Why Women’s Stories Matter
I was — I probably still am — an over-sharer.
I’m not afraid to tell the story about a sexual assault I experienced when I was in high school, how I didn’t try to get away. About the vicious fights my mothers exchanged while I was witness, just four years old. About my kidnapper, about getting cancer, about the weird things my body does now that medicine and surgery has modified it. I’m not afraid to tell those stories and I’m not afraid to hear them. No matter how gross the bodily fluid that was produced when they were happening and no matter how shocking one thinks the story may be.
Story-telling is life-saving. We don’t all get to experience terrible to the same degree, or hear the perspectives of the people who have witnessed. We don’t know the complexity of a common story until we hear it from the mouth of someone who experienced it in a particular way, who was met with a particular response. These stories we share are our only opportunity — sometimes — to better understand the multitude of scenarios one can encounter on life’s path.
Women’s stories are the stories that move me. I’ve spent time in library stacks looking for my tribe, my storytellers, those who’ve walked a path similar to my own. Often I have found no one shares a particular story with me. I’ve rifled through books looking for the voices that haven’t been given (or have not found) the medium to share their story. Perhaps they are not writers. Maybe they don’t want to tell others what happened to them. Perhaps they have been blamed for their stories. Maybe it’s just too risky to bear the distress that might come from someone who criticizes their story — be it in their writing of it or their perception of it. Storytelling is dangerous. Being a woman with a story to tell is dangerous.
If I could do one thing for the rest of my life it would be to help women explore their voices, their stories, their experience and to provide them an outlet to better understand those experiences. I’d line the walls with paper and tell them to choose their tools, to choose their colors, to write their stories in short sentences all over the walls, to color their space with their voices. I would give every woman I meet a journal. I’d tell her to not worry about the lines, the punctuation, the spelling, the legibility — just get it out even if you have to scratch your story into the paper with lead-less pencil. I’d hand them a microphone and I’d say: share.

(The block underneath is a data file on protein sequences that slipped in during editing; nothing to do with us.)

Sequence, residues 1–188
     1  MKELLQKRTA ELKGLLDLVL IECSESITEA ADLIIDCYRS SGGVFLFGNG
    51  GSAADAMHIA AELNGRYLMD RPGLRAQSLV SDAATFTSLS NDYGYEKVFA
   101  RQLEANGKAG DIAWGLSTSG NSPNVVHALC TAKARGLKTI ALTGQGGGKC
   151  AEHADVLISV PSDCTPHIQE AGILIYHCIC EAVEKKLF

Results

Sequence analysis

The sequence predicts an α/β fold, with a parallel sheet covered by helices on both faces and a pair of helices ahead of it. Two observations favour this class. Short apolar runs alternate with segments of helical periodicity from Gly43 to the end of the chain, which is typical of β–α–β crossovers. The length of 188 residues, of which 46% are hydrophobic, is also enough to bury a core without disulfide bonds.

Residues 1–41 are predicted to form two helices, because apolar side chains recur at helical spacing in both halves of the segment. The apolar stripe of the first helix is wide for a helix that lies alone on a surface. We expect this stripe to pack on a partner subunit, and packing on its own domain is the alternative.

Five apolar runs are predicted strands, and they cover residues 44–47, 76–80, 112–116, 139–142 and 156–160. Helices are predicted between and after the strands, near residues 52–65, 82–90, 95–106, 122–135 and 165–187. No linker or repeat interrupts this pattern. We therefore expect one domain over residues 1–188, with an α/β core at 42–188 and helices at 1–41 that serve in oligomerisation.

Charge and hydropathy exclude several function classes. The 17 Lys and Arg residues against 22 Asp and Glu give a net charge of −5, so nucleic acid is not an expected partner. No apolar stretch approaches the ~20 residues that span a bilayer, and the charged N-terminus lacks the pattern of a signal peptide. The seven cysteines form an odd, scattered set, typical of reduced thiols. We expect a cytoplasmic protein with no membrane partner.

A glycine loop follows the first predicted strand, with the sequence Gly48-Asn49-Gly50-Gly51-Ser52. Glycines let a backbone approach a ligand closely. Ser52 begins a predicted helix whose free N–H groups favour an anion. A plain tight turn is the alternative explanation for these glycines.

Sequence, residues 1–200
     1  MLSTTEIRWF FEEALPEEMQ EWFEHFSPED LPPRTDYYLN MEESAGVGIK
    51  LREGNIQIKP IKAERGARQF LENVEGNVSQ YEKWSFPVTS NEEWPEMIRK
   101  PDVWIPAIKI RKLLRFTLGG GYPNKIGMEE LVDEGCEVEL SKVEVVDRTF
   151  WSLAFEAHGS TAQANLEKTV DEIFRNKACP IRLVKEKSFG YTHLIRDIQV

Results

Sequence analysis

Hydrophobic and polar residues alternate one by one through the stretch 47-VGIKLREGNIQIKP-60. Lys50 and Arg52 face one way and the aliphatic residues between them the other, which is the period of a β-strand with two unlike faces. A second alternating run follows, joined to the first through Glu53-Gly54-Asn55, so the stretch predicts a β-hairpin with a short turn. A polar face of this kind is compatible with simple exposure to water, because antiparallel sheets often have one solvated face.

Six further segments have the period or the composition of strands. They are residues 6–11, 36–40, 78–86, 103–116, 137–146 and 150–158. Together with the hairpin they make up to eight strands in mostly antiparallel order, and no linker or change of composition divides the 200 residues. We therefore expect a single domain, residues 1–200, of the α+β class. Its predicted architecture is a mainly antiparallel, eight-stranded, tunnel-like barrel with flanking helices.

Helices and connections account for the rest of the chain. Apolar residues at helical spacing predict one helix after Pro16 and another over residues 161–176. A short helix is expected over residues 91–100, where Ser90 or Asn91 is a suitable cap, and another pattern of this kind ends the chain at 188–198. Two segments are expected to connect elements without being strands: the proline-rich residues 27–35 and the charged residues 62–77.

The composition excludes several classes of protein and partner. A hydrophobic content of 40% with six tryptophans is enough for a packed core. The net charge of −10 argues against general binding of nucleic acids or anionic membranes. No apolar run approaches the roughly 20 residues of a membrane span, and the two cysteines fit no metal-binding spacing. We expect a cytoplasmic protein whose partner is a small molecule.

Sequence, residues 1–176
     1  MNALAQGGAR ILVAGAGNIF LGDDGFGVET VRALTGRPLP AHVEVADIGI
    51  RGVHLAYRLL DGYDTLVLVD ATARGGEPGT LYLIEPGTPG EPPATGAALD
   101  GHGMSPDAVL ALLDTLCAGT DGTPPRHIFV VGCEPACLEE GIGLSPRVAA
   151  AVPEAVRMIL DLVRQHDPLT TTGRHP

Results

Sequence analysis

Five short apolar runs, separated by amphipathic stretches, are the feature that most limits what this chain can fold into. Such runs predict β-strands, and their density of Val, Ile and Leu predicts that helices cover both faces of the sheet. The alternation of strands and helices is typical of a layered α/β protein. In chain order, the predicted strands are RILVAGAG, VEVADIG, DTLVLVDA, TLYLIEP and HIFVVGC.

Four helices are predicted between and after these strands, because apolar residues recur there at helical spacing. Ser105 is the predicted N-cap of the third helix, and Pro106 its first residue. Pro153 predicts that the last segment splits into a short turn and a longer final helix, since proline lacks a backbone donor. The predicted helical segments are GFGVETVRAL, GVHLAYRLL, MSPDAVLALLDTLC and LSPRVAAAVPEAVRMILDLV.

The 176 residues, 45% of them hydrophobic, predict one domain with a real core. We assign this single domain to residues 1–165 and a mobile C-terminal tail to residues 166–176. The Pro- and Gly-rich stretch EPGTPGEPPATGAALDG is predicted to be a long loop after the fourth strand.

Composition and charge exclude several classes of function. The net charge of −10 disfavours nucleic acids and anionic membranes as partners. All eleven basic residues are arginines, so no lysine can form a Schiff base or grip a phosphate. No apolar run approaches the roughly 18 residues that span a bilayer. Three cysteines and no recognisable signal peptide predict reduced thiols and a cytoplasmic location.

Although I’ve always sought the wisdom of the women before me, it wasn’t until I broke away from published stories and sought stories from women without the constant drive to write that I learned about the complexities of motherhood, of being in an always ill body, of not being seen in older age, of not having access to hormones that make someone feel more feminine. You can read about these stories in your women’s studies class, you can talk about them in academia with great distance, but you don’t know the danger of being a woman until you keep your ears to the stories of the women all around you.
Two years ago I started A Reading of Her Own: Women’s Lives in Brief in this little town of Helena, Montana. It’s simple: women reading 800 word essays about their lives. I didn’t expect it to be well-attended, I didn’t expect it to go on, I didn’t expect it to grow, and I fully expected that I would run out of women who would be willing to tell their stories to a room of strangers. In a town of just under 30,000, I thought that I’d only be able to tap into our local authors and writers once and that we’d run out of voices. I didn’t know that every time I announced another event that my roster would quickly fill up. Sometimes from women with another story to tell, sometimes from women who had just learned about what we lazily now call RoHo.
We’ll have our next event in November. Another 14 women will go to the stage with their stories. Some will shutter and shake while they stand as if they are hiding behind the microphone and their audience will lean in harder as if to try and better see her. Some reader will giggle as she proclaims her sexuality in a loud voice while the crowd shifts with shared excitement and hums a soft laugh. Some women will dab their faces with rigid napkins at the story of losing a child, nearly losing a child, having a child finally. And there will always be a woman who comes alone to hear the stories, to see if she is brave enough to show up to the next event and excise her own story from the depths of her guts so that she can not only be free of it, but be with it in a room of strangers.
It’s there that we can all take a moment to see that story’s life be birthed before us, to see it grow and transform audience and the woman from which it came, and then we’ll watch that story dissipate into the ether, fall into our ears and find our guts, fertilizing the next wave of women’s stories that will surely come.